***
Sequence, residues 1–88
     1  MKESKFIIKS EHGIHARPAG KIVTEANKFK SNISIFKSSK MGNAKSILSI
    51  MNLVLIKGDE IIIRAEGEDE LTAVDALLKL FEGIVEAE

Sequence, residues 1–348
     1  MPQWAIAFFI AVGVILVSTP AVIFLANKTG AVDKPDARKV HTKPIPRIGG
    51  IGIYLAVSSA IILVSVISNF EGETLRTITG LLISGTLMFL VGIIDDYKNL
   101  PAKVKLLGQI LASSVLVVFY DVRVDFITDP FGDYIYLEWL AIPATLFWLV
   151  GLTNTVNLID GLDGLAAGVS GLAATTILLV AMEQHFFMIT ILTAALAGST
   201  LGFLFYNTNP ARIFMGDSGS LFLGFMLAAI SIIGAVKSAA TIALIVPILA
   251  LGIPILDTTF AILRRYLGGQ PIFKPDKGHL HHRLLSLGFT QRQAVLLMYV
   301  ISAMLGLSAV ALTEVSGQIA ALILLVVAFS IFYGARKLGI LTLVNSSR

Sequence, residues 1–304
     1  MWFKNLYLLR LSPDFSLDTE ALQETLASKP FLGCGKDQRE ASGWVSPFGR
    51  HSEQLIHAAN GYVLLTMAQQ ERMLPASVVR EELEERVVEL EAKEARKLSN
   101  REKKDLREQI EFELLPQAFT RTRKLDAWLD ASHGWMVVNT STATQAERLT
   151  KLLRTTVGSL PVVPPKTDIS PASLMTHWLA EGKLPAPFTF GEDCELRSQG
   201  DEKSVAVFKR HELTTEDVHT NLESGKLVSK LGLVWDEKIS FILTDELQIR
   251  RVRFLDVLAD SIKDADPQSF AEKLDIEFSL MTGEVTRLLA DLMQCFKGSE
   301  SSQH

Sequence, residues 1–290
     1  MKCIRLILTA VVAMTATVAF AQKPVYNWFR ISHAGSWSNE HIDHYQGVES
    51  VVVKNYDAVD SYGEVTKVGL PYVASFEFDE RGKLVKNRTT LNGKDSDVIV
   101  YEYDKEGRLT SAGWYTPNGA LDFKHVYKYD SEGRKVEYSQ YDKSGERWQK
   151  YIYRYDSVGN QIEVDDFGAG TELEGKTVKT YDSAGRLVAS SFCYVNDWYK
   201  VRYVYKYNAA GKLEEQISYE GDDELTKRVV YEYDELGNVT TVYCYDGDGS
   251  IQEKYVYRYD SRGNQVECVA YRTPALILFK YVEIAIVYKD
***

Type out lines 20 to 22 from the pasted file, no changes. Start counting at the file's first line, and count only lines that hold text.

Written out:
Sequence, residues 1–290
     1  MKCIRLILTA VVAMTATVAF AQKPVYNWFR ISHAGSWSNE HIDHYQGVES
    51  VVVKNYDAVD SYGEVTKVGL PYVASFEFDE RGKLVKNRTT LNGKDSDVIV